Absolutely not! What we look for are a sitter with a strong, complete profile and whose reviews are really positive. Positive for us is not just that they get 5 stars, but it’s important to us to read what other HO actually say. Are they raving? Do they mention examples of why they really liked the sitter? Are they hoping the sitter will return for the third time? Did the sitter do something above and beyond? Were the linens in the washing laundry, and the kitchen spotless?

(We also look for red flags such as if several of their reviews mention the same issue such as house not clean or pet appeared needy on return, or they got very little communication during the sit. When only one homeowners left a horrible review, we ignore it, if the others are glowing. But if the others all leave all 5 stars but only say something like “Cat was fine upon our return. Dishwasher was run”, we’d probably pass them by.)

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More power to you and resisting being taken advantage of.

Thanks, but my first year of sits isn’t that unusual nowadays. I’ve seen other first-year sitters on the forum who’ve done similar or more. The biggest thing in our favor is the ratio of sitters vs. sits. That might not have been the case when you started sitting years ago.

Nowadays, there are many good sits available, unless a sitter is fixated on popular locations. (I’m not.) Of course, THS is a marketplace, so supply and demand can evolve over time.

It also seems easier for older folks, especially women, to break in. Many hosts give us greater benefit of doubt. Plus, I’m a telecommuter and some in my cohort are retired — we have a lot of flexibility vs. sitters who are constrained by their jobs.

Personally, I’ve enjoyed sitting, but I don’t know that I’ll do it for as long as you have. And I love nesting way too much to want a nomadic lifestyle. Sitting on THS has helped me realize that.

Sitters are more vulnerable at early stage, when they’re striving to build their reviews. It can make them more compliant and give hosts more control over them.

With 10 reviews, the stronger they are, the less likely you have to bend to an unreasonable host.

But the most compliant sitters would be those that do this for extended periods, hopping from sit to sit, when their own home is far away and/or rented out.

For them, it is not always possible to avoid demanding or overly anxious or unreasonable owners. They must have excellent people skills to keep a straight record of dozens of 5-star reviews.

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I don’t think so, because amassing more and more good reviews helps make you less vulnerable to the occasional weak one. You’ll often see sitters posting about that, saying how they’re more selective now that they’ve gotten more experience, and how they’re less willing to be taken advantage of. And various sitters and hosts noting such when some sitters have gotten bad reviews.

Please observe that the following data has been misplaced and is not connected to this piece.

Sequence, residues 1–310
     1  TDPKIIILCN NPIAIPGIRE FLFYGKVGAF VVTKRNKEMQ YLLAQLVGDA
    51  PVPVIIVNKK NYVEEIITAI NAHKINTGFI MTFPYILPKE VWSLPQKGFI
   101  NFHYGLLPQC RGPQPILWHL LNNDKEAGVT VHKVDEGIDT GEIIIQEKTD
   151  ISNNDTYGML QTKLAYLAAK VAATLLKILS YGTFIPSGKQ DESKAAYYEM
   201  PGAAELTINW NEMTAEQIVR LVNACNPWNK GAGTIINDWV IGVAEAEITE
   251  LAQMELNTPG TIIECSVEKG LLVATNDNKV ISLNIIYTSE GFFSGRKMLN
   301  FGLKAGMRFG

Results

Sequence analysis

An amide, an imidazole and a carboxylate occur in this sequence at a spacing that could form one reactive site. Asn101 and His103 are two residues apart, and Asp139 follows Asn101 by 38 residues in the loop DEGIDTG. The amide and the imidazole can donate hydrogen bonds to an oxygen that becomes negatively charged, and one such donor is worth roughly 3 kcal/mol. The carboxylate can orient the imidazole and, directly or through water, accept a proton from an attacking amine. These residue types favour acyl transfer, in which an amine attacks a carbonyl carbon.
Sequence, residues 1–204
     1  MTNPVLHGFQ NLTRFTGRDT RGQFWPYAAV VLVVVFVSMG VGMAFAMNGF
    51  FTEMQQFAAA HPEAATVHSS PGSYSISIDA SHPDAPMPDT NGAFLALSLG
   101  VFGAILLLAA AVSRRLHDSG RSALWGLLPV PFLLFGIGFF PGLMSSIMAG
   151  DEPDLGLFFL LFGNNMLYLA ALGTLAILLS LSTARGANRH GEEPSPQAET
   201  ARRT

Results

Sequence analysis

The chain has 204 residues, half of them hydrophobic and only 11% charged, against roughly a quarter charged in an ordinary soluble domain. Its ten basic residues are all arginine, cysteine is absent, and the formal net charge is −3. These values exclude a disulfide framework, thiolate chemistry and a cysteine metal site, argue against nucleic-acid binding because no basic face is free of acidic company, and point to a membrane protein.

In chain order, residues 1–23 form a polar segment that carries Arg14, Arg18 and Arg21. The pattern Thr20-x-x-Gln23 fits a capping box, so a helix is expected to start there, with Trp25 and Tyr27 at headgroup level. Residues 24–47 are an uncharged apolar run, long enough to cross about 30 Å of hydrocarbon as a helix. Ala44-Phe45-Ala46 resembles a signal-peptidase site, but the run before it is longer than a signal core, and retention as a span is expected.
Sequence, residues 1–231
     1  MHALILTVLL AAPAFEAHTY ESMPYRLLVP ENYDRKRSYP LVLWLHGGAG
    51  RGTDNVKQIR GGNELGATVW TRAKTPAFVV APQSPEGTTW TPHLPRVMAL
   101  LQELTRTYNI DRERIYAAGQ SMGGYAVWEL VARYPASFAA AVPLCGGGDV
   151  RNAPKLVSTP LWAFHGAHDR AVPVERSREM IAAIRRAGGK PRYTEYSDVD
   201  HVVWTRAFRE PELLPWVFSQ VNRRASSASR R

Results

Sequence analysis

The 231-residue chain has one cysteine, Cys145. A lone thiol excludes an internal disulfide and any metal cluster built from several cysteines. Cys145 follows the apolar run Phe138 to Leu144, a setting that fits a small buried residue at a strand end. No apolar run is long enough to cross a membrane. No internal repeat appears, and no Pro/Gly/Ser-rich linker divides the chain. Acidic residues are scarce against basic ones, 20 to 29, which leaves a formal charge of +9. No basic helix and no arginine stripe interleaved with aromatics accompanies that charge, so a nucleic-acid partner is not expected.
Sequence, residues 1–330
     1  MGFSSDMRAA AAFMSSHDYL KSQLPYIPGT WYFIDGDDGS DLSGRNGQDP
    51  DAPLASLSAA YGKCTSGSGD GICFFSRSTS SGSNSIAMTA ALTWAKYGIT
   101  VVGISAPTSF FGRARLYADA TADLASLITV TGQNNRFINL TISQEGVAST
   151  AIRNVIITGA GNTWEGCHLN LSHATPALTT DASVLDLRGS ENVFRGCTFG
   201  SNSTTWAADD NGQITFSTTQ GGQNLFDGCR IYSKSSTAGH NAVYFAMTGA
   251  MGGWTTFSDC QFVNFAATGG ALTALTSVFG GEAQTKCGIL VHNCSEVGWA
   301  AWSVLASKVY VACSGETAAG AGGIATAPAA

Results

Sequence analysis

More experienced sitters are more appealing to more hosts, so they have more leverage.

It mirrors hiring in the work world. Some employers prefer to hire green folks, because they’re not only cheaper, but also more easily influenced. Not saying that everyone who hires young talent does it for bad reasons, but greener talent is more vulnerable. The more reputation and credibility they acquire, the more they can uphold boundaries.

For sitters who are better established financially (typically older), they also have more flexibility to rent hotel rooms, Airbnb, etc. More seasoned sitters also get more repeat requests — they have greater optionality. Full-time nomads typically are doing it out of choice, not because of financial constraints. They’re also more likely to have backup plans.

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I don’t discriminate - I think being a full-time sitter is a great way to see the world and get your cat or dog “fix” at the same time - when we travel we really miss a cat, for example. I always read a sitter’s reviews and very much go with my gut when choosing.

I have a theory that HOs like to choose sitters that reflect them and their lifestyle. So young couple like young couples etc. This may work in terms of what the pets are used to but I think it’s more about how the HOs see themselves reflected in the sitters.
Also, I’ve ve found more declines without a message recently. I guess, as others have said, because of the increased numbers of people so it’s less like a community and much more like big business.
It seems a shame to discriminate against those who have many sits as we can have a lot of experience while still catering to the very individual needs of pets and homes but I guess that’s a HOs choice. When I joined THS I didn’t do any sits in my first year, i think one in my second and then many more since covid, as my work moved online so it’s unfortunate that this would prejudice me getting sits. I have never not had a review, even for repeat sits as I will ask them to review still as I think somehow it does look bad. I always reply to every invitation (except one when I was in a crash and hospital) thanking them and politly declining. If I was a HO I would thank each person applying (also you never know if you may need to contact them if the chosen sitter falls through)but not everyone does. We can’t help but be a little hurt by rejection but it comes with the territory. Good luck in future ones :blush:

Who cares… It’s like dating. If they aren’t your people move on to the next. There are 1000s of others that are your people.